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1. Folic Acid
Folic acid, or folate, is a B-vitamin which is very important to get enough of at any time – but becomes crucial during pregnancy. Indeed, it’s so important that health authorities worldwide recommend that women take a supplement of 400mg of folic acid every day while drying to conceive and during pregnancy.
Folic acid is essential for the development of a healthy baby, and greatly reduces the chances of baby developing neural tube defects (i.e. problems with the brain, the spinal cord, and the spine) such as spina bifida. Neural tube defects can seriously hamper your child’s life, so plenty of folic acid is a must. In addition to supplements, you can also get folic acid through things like brown granary bread, green leafy vegetables, and fortified cereals.
Iron is needed in order to keep your red blood cells healthy and your circulatory system in good working order. Iron deficiency is unfortunately reasonably common in the Western world due to the fact that we eat far too many processed carbohydrates and not enough green leafy veg.
Iron levels can also drop during pregnancy as your body diverts resources to the growing fetus. If you do not have enough iron in your body while pregnant, the risk of going into labor preterm is significantly increased , and can leave baby weak and at a low weight. You can easily get iron through eating red meat, dark green vegetables such as spinach, kale, and broccoli, or from supplements.
Calcium, as we all know from infomercials, is needed to maintain a healthy skeleton and ensure that developing bones grow straight and strong. So it’s important for pregnant ladies to get lots of calcium in order to help the skeleton of their baby develop as it should. However, the World Health Organization also recommends  that ladies take calcium supplements during pregnancy as doing so can reduce the risk of developing hypertensive disorders.
Hypertensive disorders are a frequent contributor to pregnancy or childbirth related maternal deaths, and also increase the risk of a preterm birth. So taking calcium is important for both baby and mother! Good sources of calcium include dairy products, kale, and sardines.
4. Vitamin D
Vitamin D is a vastly underrated vitamin. It helps the body to process calcium and phosphorus which, as mentioned above, are a great help to both mother and baby. Vitamin D can thus help baby’s bones to grow healthily, and can help mother to maintain good health during pregnancy and childbirth. However, it’s also thought that Vitamin D can have a significant effect upon people’s moods. Vitamin D deficiency has been associated with erratic moods, particularly when turbulent hormones such as abound during pregnancy and the menopause are thrown into the mix.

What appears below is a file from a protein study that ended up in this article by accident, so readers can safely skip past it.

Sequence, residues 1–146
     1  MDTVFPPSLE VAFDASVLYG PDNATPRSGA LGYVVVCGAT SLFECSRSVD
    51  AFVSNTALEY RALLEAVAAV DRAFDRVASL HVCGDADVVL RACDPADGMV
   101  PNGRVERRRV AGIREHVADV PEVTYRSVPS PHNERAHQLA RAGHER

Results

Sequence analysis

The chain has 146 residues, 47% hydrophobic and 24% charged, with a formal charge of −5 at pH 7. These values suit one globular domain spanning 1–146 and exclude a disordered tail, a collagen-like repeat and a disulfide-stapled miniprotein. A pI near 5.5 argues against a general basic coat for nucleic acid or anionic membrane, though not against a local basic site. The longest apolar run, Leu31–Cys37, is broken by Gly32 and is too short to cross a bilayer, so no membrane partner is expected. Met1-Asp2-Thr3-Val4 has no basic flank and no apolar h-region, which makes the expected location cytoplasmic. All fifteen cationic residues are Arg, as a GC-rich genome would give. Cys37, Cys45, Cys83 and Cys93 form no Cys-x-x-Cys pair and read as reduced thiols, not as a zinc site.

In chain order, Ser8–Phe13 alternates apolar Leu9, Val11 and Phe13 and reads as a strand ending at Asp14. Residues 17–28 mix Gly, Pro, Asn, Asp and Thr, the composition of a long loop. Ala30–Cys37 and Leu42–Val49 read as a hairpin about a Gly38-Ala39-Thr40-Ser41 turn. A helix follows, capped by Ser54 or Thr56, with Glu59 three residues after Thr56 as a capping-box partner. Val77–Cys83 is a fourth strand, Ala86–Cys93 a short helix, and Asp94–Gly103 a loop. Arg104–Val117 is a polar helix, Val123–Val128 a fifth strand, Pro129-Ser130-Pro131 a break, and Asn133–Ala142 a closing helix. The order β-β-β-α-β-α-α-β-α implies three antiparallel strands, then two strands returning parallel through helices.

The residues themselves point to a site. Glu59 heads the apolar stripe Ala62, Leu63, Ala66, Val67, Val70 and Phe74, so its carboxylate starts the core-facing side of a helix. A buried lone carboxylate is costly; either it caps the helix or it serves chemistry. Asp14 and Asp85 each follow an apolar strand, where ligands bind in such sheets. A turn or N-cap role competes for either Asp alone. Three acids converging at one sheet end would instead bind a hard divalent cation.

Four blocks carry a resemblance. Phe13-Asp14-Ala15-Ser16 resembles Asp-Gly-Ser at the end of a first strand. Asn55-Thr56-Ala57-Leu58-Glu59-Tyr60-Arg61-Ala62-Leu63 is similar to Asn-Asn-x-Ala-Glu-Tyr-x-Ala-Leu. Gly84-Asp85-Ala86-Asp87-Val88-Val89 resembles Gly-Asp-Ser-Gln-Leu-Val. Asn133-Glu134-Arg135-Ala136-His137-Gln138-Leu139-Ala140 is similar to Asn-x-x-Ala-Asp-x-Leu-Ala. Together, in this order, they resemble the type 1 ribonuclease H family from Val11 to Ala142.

Women who get more Vitamin D have greater protection not only against hypertensive disorders and skeletal problems, they also tend to be less subject to the vagaries of their emotions, and more able to deal with hormone-related mood swings. Vitamin D is easy to come by – it is absorbed through the skin in sunlight (do be careful not to overdo it, though – skin cancer is always a risk if you have pale skin!). Vitamin D deficiency is reasonably easily treated even if you have little access to the sunny outdoors. There are plenty of supplements you can take, or you can find it within fatty fish oils, mushrooms, and egg yolks.
Docosahexaeonic Acid – or ‘DHA’ – is an Omega 3 fatty acid which is absolutely essential for the development of a healthy brain . Indeed, DHA is the stuff of which most of human brains, retinas, cerebral cortexes, skin, sperm, and testicles are made. Little wonder, therefore, that we need to get plenty of it while pregnant! Unfortunately, typical Western diets are reasonably low in DHA, so you can’t rely on getting enough in the usual course of your diet. DHA can be found in oily fish, algae (which are turned into dietary supplements), and egg yolks and poultry in small amounts.
Iodine is needed for healthy brain development, and there’s considerable evidence to suggest that taking iodine during pregnancy can give your baby a higher IQ. Indeed, some health authorities believe that giving all pregnant women iodine supplements would make pregnancy considerably easier and raise the cognitive power of the nation at the same time ! Iodine is not hard to find, and a good, varied diet should naturally include plenty of it. Milk is an excellent source of dietary iodine, and can also be found in fish.
-  Lindsay H Allen, “Anemia and iron deficiency: effects on pregnancy outcome”, American Journal of Clinical Nutrition, 2000
-  World Health Organization, “Guideline: Calcium supplementation in pregnant women”, 2013
-  Lloyd A Horrocks, Young K Yeo, “Health Benefits Of Docosahexaeonic Acid (DHA)”, Journal of Pharmacological Research, 1999
-  BBC, “Pregnancy iodine pills ‘good for babies and economy’”, Aug 2015